Scotland’s Land Speculation: ‘Risks & Opportunities’

The country is governed for the richest, for the corporations, the bankers, the land speculators, and for the exploiters of labor. – Helen Keller

Hoy and hills of Sutherland from Orphir Image credit Bell

Land grabbing, speculation, or investing to decarbonise – whatever you want to describe it as, Scotland’s land is being bought up at an ever increasing rate by the new ‘Green Lairds’.

As reported in The Insider back in 2020, BrewDog bought 2,000 acres of grazing land to plant trees and offset its global carbon footprint.

BrewDog reported the carbon footprint of its business worldwide as 67,951 tonnes of CO2 equivalent

Other speculators have joined in buying up land at such a rate in Scotland that prices are rocketing beyond the range of community buy outs.

Government bodies have been slow to react.

Rhoda Grant, Labour MSP in the Highlands and Islands, led a debate in the Scottish Parliament last week Green Lairds & Tory Cuts to Benefits: This Week’s Politics where she called on bold action to be taken by the Scottish Government.

Mairi McAllan, Scottish Government Minister for Environment and Land Reform, assured this week’s Scottish Land Commission Conference that the government had an ‘unwavering commitment to land reform.’

Top of the Minister’s vision for land reform in Scotland is ‘community ownership’. Speaker after speaker on the first day of ‘Land Connection 2021’, declared support for community buy outs and empowerment through increased local decision making. But the key phrase used was, ‘Risk and Opportunities.’

And that is the vulnerable stage we are at right now as the land grabbing continues – the risk for communities who are priced out of the market as large corporations and wealthy individuals seize the opportunities of the financial incentives of owning large tracts of Scotland’s land.

‘People are at the heart of our environmental ambitions,’ said Mairi McAllan, which is good to know. Politicians are elected by the people and a government pledged to continue with land reform in Scotland. Putting Human Rights at its very core.

But it has all been so very slow. And what is happening now with land speculation has all been so predictable. The warning signs were all there.

Scottish Land Commissioner, Hamish Trench stressed the importance of new governance structures – revisiting those ideas. He said we need a ‘transformation that benefits Nature and People.’ – A Just Transition.

The Scottish Land Commission is doing invaluable work looking in detail and engaging with communities about how to better use the land for all of us – not just the few Green Lairds.

You can find a series of their documents here: Scottish Land Commission publications.

Land matters because we all use and need it. The way we own and use land influences many parts of our lives: the price and availability of housing, our access to greenspace, effects of derelict sites in the heart of our communities, our ability to meet our climate targets, and whether people have the means and confidence to build businesses and communities.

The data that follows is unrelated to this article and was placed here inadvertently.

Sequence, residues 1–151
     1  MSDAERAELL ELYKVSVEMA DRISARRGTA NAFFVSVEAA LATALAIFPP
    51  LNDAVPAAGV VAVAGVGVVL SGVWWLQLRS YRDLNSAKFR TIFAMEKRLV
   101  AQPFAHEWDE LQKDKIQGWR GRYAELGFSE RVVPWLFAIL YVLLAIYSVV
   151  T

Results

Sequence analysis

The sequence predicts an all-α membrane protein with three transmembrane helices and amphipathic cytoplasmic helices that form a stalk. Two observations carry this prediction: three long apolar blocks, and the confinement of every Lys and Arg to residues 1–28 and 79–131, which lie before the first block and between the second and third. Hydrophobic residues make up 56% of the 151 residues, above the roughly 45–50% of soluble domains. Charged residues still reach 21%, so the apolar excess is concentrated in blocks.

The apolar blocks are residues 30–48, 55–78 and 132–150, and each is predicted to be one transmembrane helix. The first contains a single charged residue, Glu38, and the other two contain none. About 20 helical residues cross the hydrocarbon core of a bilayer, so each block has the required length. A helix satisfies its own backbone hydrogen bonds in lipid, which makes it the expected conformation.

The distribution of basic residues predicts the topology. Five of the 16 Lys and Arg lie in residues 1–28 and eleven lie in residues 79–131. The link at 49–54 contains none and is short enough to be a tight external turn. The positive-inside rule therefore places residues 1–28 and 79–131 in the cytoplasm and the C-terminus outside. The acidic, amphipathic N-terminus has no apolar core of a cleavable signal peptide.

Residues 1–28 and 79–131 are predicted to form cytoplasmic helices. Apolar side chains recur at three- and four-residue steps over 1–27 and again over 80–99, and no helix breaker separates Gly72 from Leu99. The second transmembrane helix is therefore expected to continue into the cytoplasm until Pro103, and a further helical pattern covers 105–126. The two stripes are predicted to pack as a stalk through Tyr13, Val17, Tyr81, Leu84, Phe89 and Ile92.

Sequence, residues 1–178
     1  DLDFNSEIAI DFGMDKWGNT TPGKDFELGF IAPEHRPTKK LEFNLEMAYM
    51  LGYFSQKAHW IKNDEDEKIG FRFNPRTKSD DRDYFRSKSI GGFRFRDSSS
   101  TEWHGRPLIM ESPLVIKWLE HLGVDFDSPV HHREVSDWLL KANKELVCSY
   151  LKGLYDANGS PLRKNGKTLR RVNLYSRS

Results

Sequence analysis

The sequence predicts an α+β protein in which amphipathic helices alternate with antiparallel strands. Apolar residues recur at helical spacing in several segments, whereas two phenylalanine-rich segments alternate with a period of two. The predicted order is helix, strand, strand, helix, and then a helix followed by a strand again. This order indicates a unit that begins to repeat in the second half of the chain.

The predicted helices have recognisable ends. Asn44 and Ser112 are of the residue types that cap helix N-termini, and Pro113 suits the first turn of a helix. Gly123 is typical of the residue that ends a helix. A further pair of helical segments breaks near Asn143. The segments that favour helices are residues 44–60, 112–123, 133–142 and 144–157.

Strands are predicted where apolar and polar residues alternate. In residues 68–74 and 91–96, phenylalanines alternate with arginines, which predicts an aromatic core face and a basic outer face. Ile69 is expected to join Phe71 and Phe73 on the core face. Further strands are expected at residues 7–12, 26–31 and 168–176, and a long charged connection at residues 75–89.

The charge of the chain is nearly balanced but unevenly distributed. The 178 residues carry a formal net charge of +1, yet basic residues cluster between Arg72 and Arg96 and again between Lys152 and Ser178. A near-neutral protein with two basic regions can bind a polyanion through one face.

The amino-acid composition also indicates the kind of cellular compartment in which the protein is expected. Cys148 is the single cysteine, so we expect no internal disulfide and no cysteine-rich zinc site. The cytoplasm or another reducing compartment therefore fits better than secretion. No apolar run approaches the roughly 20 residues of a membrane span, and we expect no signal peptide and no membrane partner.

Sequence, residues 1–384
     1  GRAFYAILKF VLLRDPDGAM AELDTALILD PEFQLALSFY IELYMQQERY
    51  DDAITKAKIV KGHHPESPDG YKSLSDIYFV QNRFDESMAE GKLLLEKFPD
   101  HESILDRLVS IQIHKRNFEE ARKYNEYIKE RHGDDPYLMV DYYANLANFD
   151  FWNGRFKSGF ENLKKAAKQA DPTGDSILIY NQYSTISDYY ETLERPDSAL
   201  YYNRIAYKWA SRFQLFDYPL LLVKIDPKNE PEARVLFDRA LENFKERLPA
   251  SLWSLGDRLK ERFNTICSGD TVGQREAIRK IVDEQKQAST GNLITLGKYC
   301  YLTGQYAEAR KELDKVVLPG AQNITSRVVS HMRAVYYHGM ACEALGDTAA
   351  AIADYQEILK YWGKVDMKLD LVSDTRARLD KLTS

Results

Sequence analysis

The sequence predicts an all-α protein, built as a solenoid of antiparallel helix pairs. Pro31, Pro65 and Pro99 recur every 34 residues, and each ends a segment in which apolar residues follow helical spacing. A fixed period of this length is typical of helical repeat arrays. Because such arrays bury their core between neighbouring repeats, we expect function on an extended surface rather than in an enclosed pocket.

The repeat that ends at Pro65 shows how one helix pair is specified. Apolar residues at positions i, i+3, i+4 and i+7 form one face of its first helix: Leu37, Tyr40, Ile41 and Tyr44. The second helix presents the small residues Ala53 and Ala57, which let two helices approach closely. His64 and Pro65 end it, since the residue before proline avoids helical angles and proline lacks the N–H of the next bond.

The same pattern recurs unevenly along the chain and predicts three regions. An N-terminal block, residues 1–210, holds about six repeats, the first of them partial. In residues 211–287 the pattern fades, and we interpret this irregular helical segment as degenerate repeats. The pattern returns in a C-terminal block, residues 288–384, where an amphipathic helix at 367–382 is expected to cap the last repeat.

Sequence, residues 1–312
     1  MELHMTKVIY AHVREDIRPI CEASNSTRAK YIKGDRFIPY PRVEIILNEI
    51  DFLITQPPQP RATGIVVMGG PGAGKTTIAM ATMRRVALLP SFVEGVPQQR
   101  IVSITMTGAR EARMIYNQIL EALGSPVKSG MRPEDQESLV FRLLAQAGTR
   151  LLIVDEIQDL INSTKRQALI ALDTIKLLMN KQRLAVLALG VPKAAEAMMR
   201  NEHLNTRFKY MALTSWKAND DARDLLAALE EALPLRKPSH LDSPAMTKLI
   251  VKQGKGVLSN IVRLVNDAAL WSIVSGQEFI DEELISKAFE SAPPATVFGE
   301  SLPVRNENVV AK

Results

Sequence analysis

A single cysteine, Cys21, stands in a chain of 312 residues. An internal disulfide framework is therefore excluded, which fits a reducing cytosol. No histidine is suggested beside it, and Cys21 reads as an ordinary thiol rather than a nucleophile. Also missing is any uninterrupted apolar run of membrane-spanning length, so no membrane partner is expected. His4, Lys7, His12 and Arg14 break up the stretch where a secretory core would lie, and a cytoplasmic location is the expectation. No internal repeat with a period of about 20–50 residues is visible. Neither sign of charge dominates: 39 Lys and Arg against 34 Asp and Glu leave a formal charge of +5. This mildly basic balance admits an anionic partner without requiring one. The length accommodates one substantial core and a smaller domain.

Scottish Land Commission

There are opportunities for Scotland, as a whole, if a sovereign wealth fund was set up based on natural capital. Basically taxing those big Green Lairds buying up our land and using those new funds as a future pot of money – what didn’t happen with our vast reserves of oil – learning from those past mistakes and creating a natural wealth fund.

Common Weal has produced excellent work on Land Reform and how we can manage it more effectively. They also suggest the use of tax and of Citizens Assemblies to localise decision making.

Their paper Our Land picks out the following key points:

― Scotland has some of the most unequal patterns of land ownership; just 432 families own 50% of Scotland’s private rural land.

― Landowners have benefited greatly from unearned rises in land prices which have greatly exceeded gains made elsewhere in the economy.

― As well as unequal ownership by individuals, over 750,000 acres of Scottish land is owned by companies registered in offshore tax-havens.

― Scotland should rethink land taxation via a Land Value Tax or, preferably, a flat rate Property Tax.

― Whilst currently outwith Scottish Government control, consideration should be given to how inheritance tax and land subsidies would be reformed upon independence.

― Complete the Scottish Land Register, ensuring that it is open, transparent and free to access. Only land that is properly registered should be eligible for tax breaks and subsidies.

― A hard cap on the amount of land an individual can own should be introduced. The legal basis for doing so is discussed.

― Scotland should form a Land Agency to ensure that regulations are enforced.

―  Reformed local democracy and Citizens’ Assemblies can help democratise land use.

These are all things that can be done now. We can do this in Scotland but we need to pick up the pace because land reform has been on the agenda of the Scottish Parliament since its reconvening in 1999. It really is time now for the Scottish Government to make good on its vision and take bold action.

The Scottish Land Commission Conference is being held virtually from 4th to 6th October – all events are being recorded and will be available on YouTube.

Fiona Grahame

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